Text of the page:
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The Consonants at Law - Sigma vs. Tau, in the Court of the Seven Vowels

The Consonants at Law - Sigma vs. Tau, in the Court of the Seven Vowels is an essay attributed to Lucian, and appearing in the Loeb Classical Library edition of the Works of Lucian. However the edition notes that it is "probably not by Lucian, but much later than his time", Lucian having died in 180 CE.[1] The content of the essay is a mock legal prosecution where the Greek letter Sigma petitions the court to sentence the Greek letter Tau to death by crucifixion:

"Men weep, and bewail their lot, and curse Cadmus with many curses for introducing Tau into the family of letters; they say it was his body that tyrants took for a model, his shape that they imitated, when they set up structures on which men are crucified. Stauros (cross) the vile engine is called, and it derives its vile name from him. Now, with all these crimes upon him, does he not deserve death, nay, many deaths? For my part I know none bad enough but that supplied by his own shape — that shape which he gave to the gibbet named stauros after him by men".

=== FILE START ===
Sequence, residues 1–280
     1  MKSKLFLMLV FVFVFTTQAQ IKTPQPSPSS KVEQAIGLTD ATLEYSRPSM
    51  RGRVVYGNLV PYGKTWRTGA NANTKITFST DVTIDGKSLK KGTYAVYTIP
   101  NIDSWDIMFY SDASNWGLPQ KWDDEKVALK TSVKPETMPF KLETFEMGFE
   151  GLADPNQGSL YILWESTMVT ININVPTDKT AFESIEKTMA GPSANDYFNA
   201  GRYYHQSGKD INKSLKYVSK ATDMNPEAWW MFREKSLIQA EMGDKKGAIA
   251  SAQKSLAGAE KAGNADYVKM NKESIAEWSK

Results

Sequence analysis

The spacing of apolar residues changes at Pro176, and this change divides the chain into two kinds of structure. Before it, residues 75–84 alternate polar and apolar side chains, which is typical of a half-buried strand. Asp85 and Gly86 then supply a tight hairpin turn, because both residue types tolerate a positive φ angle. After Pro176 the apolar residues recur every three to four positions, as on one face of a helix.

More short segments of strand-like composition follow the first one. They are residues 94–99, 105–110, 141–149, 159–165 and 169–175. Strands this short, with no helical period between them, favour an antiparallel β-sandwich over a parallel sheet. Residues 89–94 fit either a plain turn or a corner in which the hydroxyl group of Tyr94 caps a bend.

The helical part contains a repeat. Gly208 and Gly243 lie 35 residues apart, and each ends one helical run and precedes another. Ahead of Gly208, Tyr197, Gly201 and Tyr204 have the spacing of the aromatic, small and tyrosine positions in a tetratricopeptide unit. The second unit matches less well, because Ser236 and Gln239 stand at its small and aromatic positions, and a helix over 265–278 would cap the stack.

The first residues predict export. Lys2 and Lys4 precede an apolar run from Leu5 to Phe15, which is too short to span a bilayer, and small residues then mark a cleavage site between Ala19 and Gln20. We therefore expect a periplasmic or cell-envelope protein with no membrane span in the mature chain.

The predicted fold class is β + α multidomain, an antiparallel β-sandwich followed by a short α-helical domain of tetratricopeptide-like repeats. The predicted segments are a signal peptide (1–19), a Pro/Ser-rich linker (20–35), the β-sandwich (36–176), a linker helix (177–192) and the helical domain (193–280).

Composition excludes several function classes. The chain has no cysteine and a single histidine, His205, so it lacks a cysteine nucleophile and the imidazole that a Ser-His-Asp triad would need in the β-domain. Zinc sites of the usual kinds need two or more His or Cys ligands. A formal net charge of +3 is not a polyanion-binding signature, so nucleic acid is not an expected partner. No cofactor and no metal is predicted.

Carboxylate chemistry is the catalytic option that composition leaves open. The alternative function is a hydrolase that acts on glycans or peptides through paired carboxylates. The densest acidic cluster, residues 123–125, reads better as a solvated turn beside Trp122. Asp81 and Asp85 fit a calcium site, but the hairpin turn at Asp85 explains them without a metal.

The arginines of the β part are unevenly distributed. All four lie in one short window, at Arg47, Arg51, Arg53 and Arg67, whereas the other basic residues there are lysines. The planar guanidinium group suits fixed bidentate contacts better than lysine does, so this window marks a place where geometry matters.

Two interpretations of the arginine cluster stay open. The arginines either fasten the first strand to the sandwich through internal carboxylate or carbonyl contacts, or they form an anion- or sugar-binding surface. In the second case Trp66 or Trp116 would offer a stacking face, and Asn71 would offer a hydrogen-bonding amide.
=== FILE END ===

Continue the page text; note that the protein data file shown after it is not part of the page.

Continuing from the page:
References

  1. ^ THE CONSONANTS AT LAW SIGMA VS. TAU, IN THE COURT OF THE SEVEN VOWELS "This mock prosecution, probably not by Lucian, but much later than his time, is based upon the fact that in the Attic dialect many words originally written with double s came eventually to be pronounced and written with double t, and incidentally mentions words in which l has been substituted for r; g for k and l; z, x, and r for s, and t for d, th, and z. It cannot be adequately translated, for we have nothing of the sort in English."